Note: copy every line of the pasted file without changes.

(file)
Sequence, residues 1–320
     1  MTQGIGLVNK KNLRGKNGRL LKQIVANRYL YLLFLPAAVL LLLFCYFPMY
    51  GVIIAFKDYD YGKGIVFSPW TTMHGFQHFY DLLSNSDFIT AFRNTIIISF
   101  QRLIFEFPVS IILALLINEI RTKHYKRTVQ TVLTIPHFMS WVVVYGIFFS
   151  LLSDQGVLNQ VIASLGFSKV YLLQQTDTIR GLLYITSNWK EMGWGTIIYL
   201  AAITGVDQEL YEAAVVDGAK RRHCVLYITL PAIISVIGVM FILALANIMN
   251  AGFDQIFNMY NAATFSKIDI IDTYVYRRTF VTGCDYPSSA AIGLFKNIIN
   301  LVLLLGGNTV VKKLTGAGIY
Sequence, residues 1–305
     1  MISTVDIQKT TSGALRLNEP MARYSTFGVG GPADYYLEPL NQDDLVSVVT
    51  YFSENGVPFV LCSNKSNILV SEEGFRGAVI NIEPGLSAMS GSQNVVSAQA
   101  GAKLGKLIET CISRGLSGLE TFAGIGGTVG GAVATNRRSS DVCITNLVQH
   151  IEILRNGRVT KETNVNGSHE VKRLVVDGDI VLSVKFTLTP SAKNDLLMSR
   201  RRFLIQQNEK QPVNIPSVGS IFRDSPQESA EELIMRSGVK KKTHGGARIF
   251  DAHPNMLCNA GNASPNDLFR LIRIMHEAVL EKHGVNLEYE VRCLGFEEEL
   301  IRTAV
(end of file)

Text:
Sequence, residues 1–320
     1  MTQGIGLVNK KNLRGKNGRL LKQIVANRYL YLLFLPAAVL LLLFCYFPMY
    51  GVIIAFKDYD YGKGIVFSPW TTMHGFQHFY DLLSNSDFIT AFRNTIIISF
   101  QRLIFEFPVS IILALLINEI RTKHYKRTVQ TVLTIPHFMS WVVVYGIFFS
   151  LLSDQGVLNQ VIASLGFSKV YLLQQTDTIR GLLYITSNWK EMGWGTIIYL
   201  AAITGVDQEL YEAAVVDGAK RRHCVLYITL PAIISVIGVM FILALANIMN
   251  AGFDQIFNMY NAATFSKIDI IDTYVYRRTF VTGCDYPSSA AIGLFKNIIN
   301  LVLLLGGNTV VKKLTGAGIY
Sequence, residues 1–305
     1  MISTVDIQKT TSGALRLNEP MARYSTFGVG GPADYYLEPL NQDDLVSVVT
    51  YFSENGVPFV LCSNKSNILV SEEGFRGAVI NIEPGLSAMS GSQNVVSAQA
   101  GAKLGKLIET CISRGLSGLE TFAGIGGTVG GAVATNRRSS DVCITNLVQH
   151  IEILRNGRVT KETNVNGSHE VKRLVVDGDI VLSVKFTLTP SAKNDLLMSR
   201  RRFLIQQNEK QPVNIPSVGS IFRDSPQESA EELIMRSGVK KKTHGGARIF
   251  DAHPNMLCNA GNASPNDLFR LIRIMHEAVL EKHGVNLEYE VRCLGFEEEL
   301  IRTAV